July 21, 2024

Protecting just 1.2% of the Earth’s surface for nature would be enough to prevent the extinction of the world’s most endangered species, according to a new study.

Analysis published in the journal Frontiers in Science found that the targeted expansion of protected areas on land would be enough to prevent the loss of thousands of the mammals, birds, amphibians and plants closest to extinction.

From Argentina to Papua New Guinea, the team of researchers identified 16,825 sites that should be prioritized for conservation in the next five years to prevent the imminent extinction of animals and plants found nowhere else.

Dr Eric Dinerstein, of the environmental organization Resolve and lead author of the study, said the team was trying to identify the world’s rarest species with limited habitats, using the example of the peyote cactus, whose remaining range could be limited to small parts of the Chihuahuan Desert in North America.

“Most species on Earth are rare, meaning that species either have very narrow ranges or they occur at very low densities or both,” he said.

A peyote cactus in flower, whose range is limited to parts of the Chihuahuan Desert in North America. Photo: Martin Bond/Alamy

This study is focused on how imminent extinctions can be prevented, not on everything that would be needed to restore nature on Earth. Scientists say that more than the expansion of protected areas is needed to prevent the destruction of biodiversity and maintain ecosystems essential to human societies. In 2020 the researchers identified half of the Earth’s land surface that, if protected, will reverse biodiversity loss and enhance natural carbon removal.

Of the sites identified, which the authors called “conservation requirements,” 38% are within one and a half miles (2.5 km) of an existing protected area, indicating they could be potential quick wins. The PhilippinesBrazil, Indonesia, Madagascar and Colombia together were home to more than half of the sites.

In 2022, governments pledged to protect 30% of the planet for nature as part of the UN’s biodiversity targets, among more than 20 that aim to stem the great loss of nature around the world by the end of this decade. According to the UN, 16.6% of the world’s land surface and inland waters are protectedand many governments are deciding where to expand conservation areas.

However, the study found that governments often fail to protect the biodiverse areas that most urgently need protection. The authors estimated that between 2018 and 2023, only 7% of sites in new protected areas were home to the most threatened species.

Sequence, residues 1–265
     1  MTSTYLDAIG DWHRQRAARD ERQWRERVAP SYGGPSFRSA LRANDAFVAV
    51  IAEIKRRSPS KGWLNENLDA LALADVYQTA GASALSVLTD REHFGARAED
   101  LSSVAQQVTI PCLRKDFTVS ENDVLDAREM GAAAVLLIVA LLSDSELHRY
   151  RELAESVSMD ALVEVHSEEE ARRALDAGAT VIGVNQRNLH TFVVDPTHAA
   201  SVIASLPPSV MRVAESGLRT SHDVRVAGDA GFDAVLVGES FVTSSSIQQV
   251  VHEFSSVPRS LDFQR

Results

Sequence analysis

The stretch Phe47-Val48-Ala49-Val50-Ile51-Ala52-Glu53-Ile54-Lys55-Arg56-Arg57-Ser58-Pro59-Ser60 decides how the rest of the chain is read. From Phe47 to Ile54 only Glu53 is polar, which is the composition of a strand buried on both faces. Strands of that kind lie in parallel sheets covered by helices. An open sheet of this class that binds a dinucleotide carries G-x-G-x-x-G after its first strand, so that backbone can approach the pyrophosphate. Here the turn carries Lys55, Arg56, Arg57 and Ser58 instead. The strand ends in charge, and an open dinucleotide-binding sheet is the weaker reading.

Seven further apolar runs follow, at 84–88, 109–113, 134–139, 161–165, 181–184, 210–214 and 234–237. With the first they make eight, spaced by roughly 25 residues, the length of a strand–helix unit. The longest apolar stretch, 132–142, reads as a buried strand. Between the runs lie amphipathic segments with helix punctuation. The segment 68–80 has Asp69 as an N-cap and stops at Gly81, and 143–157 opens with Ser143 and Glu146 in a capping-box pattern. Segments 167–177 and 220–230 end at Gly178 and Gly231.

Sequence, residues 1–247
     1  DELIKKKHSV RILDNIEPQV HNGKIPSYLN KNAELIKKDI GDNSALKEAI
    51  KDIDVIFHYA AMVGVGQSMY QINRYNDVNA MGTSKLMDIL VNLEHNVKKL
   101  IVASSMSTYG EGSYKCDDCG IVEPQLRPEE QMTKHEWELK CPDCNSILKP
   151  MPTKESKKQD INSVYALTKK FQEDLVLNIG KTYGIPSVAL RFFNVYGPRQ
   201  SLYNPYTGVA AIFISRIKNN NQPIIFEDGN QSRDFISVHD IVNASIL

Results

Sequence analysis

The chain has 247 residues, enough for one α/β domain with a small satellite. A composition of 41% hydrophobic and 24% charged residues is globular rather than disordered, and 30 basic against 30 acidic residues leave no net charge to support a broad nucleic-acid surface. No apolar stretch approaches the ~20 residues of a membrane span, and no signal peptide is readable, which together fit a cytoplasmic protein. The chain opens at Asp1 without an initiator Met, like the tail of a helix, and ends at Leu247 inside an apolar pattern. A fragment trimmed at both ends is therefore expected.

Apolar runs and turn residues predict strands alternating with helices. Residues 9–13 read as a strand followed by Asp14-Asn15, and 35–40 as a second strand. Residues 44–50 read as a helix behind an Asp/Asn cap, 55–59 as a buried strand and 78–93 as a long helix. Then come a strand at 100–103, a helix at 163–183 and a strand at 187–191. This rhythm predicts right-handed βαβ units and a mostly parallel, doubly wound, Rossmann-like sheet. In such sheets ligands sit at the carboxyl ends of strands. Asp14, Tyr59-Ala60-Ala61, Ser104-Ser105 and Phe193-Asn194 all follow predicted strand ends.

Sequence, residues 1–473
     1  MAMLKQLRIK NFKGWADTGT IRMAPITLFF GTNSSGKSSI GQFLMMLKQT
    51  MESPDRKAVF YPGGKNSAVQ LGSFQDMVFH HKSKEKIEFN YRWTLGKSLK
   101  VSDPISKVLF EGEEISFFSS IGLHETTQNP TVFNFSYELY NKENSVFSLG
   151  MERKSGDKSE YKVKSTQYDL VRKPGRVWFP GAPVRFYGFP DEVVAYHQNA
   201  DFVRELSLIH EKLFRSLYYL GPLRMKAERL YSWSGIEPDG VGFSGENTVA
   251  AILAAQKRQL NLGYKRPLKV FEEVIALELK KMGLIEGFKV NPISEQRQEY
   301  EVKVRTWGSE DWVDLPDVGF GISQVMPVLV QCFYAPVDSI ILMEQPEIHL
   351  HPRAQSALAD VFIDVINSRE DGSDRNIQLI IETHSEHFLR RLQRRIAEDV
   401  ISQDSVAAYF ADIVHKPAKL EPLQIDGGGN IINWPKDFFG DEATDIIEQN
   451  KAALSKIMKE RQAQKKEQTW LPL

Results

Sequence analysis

Dinerstein said: “Despite the recent talk of extinction, the biodiversity crisis and what we need to do, only 7% of the new protected areas between 2018 and 2023 overlapped with the areas essential for conservation.

“It’s almost as if countries use a reverse selection algorithm and choose the non-rare sites to add to the global areas under protection. The call to arms of this paper is that we need to do a much better job in the next five years and it’s doable.”

Endangered African wild dogs in South Luangwa National Park, Zambia. The species is threatened by habitat fragmentation. Photo: Nature Picture Library/Alamy

Protecting the key sites they identify will cost $29bn-$46bn (£23bn-£36bn) over the next five years, covering 1.6m sq km (630,000 sq mi), the researchers said. This can be done through a combination of land purchases, the extension of indigenous rights and land titles, and the creation of protected areas on government-owned land.

The study compared global data on mammals, birds, reptiles, amphibians and plants to existing protected areas, using satellite analysis to identify remaining habitat for threatened species. Most of the areas identified for urgent protection were in the tropics, but grasslands, temperate broadleaf forests and tundra were also identified.

Prof Neil Burgess, who is Chief Scientist at the UN Environment Programme’s World Conservation Monitoring Centre, which is responsible for monitoring global progress on the expansion of protected areas, said the research was a useful suggestion for immediate action against extinction.

The paper, Burgess said, is an important reminder “that achieving 30% coverage by protected and conserved areas is not enough on its own, and that it is the location, quality and effectiveness of these protected and conserved areas that will determine whether they fulfill their role in contributing to halting biodiversity loss.”

Find more age of extinction coverage hereand follow biodiversity reporters Phoebe Weston and Patrick Greenfield on X for all the latest news and features

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